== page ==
Tunisia has developed an original diplomatic approach to the Israeli–Palestinian conflict. Relations between Tunisia and Israel (and more generally between Israel and the Arab world) have also influenced internal relations within Tunisia and the reactions and decisions of its Jewish community. This paper describes the evolution of the Tunisian government’s attitudes towards Israel and the Palestinian issue in the post-independence era until the approval of the new Tunisian Constitution in 2014. The debate over whether to include an article regarding ‘the criminalisation of normalisation with Israel’ in the recently approved Constitution was considerable. Issues related to Israel have thus gained prominence in national debate, following a period in which they were primarily discussed by Ben Ali’s political opponents. Through an analysis of articles, books, Internet sources and presidential speeches, this article examines the different positions taken by Tunisia towards Israel and how they have evolved over time.
When it was inaugurated in 1995, the Euro-Mediterranean Partnership presented a vision of political cooperation, economic development, and cultural understanding between Europe, Arab countries, and Israel. The atmosphere was one of relative optimism, both in Europe and the Middle East. Ten years later, the regional approach took a back seat and the main emphasis was placed on a more bilateral framework, with the introduction of the European Neighborhood Policy (ENP). Following the big wave of European Union enlargement, the gravitational force pulling neighboring countries to the EU was at its peak. The objective was to extend the zone of peace and prosperity beyond its enlarged borders.
Today, at the beginning of 2016, this vision seems to be a faraway dream. In the Middle East and North Africa, the upheavals in Arab countries have brought about growing instability and bloodshed. This situation presents important humanitarian challenges, including major refugee flows within the region and into Europe. Terrorist organizations are exploiting the current situation to spread hatred and commit acts of violence.
In view of this dramatic, unsettling reality, there is a clear need to examine the flaws in the implementation of the ENP and to rethink its most basic elements. A new strategy should include effective tools with which to solidify meaningful cooperation between like-minded countries.
Zisser, Eyal. “Israel and the Arab Spring: An Involved Observer from the Sidelines.” In Comparative Political and Economic Perspectives on the MENA Region (ed. M. Mustafa Erdoğdu and Bryan Christiansen; Hershey, PA: IGI GLobal, 2016): 59-74.
In the middle of the winter of 2010 the “Spring of the Arab Nations,” suddenly erupted without any warning all over the Middle East. However, the momentum of the uprisings was impeded rather quickly, and the hopes held out for the “Spring of the Arab Nations” turned into frustration and disappointment. While many Israelis were focusing their attention in surprise, and some, without a doubt, with concern as well, on what was happening in the region around them, suddenly, in Israel itself, at the height of the steamy summer of 2011, an “Israeli Spring” broke out. The Protesters were young Israelis belonging to the Israeli middle class. Their demands revolved around the slogan, “Let us live in our land.” However, similar to what happened in the Arab world, the Israeli protest subsided little by little. The hassles of daily life and security and foreign affairs concerns once more became the focus of the public’s attention. And so the protesters’ hopes were disappointed, and Israel’s political, economic, and social order remained unshaken.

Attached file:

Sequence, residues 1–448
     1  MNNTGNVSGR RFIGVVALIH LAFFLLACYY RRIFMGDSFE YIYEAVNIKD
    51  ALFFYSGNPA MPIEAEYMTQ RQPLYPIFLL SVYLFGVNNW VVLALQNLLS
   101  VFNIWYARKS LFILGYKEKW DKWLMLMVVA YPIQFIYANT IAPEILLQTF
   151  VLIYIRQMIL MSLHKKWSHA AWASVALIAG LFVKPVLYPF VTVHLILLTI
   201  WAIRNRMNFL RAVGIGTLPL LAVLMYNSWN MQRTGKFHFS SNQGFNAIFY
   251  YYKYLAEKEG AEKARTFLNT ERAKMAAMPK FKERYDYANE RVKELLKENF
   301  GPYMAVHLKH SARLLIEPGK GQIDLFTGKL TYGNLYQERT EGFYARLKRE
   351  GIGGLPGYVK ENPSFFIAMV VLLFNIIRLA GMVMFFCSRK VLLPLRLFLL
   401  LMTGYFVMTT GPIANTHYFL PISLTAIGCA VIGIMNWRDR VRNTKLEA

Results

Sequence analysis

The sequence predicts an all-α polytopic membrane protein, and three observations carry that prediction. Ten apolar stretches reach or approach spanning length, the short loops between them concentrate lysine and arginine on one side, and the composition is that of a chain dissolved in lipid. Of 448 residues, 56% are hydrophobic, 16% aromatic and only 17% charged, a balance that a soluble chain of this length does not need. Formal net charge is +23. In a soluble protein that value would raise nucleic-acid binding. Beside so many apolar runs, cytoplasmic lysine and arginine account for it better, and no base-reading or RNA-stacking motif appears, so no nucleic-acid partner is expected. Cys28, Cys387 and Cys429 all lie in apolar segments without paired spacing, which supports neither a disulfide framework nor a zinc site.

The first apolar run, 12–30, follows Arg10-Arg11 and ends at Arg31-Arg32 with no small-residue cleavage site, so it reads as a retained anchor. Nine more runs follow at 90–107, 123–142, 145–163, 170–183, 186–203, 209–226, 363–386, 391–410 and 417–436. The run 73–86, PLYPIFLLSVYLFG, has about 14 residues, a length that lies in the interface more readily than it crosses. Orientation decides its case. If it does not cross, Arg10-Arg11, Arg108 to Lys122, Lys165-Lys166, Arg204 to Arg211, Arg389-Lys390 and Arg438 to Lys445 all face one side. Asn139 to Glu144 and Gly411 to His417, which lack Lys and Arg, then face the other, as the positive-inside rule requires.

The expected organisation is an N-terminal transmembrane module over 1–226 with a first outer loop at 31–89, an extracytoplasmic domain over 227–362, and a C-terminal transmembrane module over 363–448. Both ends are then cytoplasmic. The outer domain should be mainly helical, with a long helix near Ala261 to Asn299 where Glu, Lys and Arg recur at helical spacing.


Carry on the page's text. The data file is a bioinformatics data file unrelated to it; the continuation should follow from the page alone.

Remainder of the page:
This article analyses Israel’s foreign policy response to the ‘Arab Spring’ in comparative perspective. Following the analytical framework shared by all contributions to this Special Issue, the article addresses four main dimensions in as many parts. Part I examines Israel’s initial reactions to the advent of the popular upheavals and regime changes in the Arab world in 2011–2014 and explores how those reactions have evolved over time. Part II identifies Israel’s main policy objectives in relation to events in the region and particularly its immediate neighbours: Egypt, Jordan, Syria and Lebanon. Part III examines the instruments which Israel has used, and eschewed, in pursuit of its policy objectives. Finally, part IV undertakes a theoretically informed analysis with the aim of explaining Israel’s distinctive strategic posture and policy responses to the events of the ‘Arab Spring’ thus far.